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Refinancing via is only available for applicants with qualified private education loans from an eligible institution. Loans that were used for exam preparation classes, including, but not limited to, loans for LSAT, MCAT, GMAT, and GRE preparation, are not eligible for refinancing with a lender via If you currently have any of these exam preparation loans, you should not include them in an application to refinance your student loans on this website. Applicants must be either U.S. citizens or Permanent Residents in an eligible state to qualify for a loan. Certain membership requirements (including the opening of a share account and any applicable association fees in connection with membership) may apply in the event that an applicant wishes to accept a loan offer from a credit union lender. Lenders participating on reserve the right to modify or discontinue the products, terms, and benefits offered on this website at any time without notice. LendKey Technologies, Inc. is not affiliated with, nor does it  endorse,  any educational institution.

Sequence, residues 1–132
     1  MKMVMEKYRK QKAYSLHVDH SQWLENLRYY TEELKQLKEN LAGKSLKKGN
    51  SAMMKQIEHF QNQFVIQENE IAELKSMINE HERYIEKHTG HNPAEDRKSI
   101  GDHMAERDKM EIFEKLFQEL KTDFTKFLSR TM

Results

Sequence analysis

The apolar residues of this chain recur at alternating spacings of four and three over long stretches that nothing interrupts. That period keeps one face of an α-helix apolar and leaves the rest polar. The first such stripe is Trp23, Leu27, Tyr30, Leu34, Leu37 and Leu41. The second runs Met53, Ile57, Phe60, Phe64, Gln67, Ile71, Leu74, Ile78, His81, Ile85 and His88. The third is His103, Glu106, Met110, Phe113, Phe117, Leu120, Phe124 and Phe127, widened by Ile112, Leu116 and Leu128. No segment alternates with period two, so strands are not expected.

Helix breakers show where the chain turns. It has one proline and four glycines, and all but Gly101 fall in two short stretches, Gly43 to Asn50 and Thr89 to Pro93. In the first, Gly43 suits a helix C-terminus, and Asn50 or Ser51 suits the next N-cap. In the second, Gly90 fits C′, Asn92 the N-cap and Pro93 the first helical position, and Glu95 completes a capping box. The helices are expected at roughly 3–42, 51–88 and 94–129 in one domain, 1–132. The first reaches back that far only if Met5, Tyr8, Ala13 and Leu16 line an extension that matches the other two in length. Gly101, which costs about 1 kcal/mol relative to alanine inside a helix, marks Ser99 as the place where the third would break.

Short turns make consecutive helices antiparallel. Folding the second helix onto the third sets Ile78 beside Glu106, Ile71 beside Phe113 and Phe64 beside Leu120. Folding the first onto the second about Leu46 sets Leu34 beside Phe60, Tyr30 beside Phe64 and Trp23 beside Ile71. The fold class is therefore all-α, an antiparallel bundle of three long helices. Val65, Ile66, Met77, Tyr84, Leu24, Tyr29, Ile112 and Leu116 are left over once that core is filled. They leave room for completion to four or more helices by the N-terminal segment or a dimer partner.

Subject to floor rate and may require the automatic payments be made from a checking or savings account with the lender. The rate reduction will be removed and the rate will be increased by 0.25% upon any cancellation or failed collection attempt of the automatic payment and will be suspended during any period of deferment or forbearance. As a result, during the forbearance or suspension period, and/or if the automatic payment is canceled, any increase will take the form of higher payments. The lowest advertised variable APR is only available for loan terms of  5 years and is reserved for applicants with FICO scores of at least 810.

As of 09/09/2022 student loan refinancing rates range from 4.13% APR – 7.39% Variable APR with AutoPay and 2.99% APR – 9.93% Fixed APR with AutoPay.

4 Rate range above includes optional 0.25% Auto Pay discount. Important Disclosures for Earnest.

Earnest Disclosures